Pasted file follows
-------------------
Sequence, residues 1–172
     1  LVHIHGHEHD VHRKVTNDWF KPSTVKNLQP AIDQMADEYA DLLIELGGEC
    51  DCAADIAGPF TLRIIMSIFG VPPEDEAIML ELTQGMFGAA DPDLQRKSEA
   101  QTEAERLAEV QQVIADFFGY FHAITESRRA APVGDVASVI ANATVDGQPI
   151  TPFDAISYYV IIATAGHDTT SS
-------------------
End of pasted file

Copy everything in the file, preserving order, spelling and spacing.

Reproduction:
Sequence, residues 1–172
     1  LVHIHGHEHD VHRKVTNDWF KPSTVKNLQP AIDQMADEYA DLLIELGGEC
    51  DCAADIAGPF TLRIIMSIFG VPPEDEAIML ELTQGMFGAA DPDLQRKSEA
   101  QTEAERLAEV QQVIADFFGY FHAITESRRA APVGDVASVI ANATVDGQPI
   151  TPFDAISYYV IIATAGHDTT SS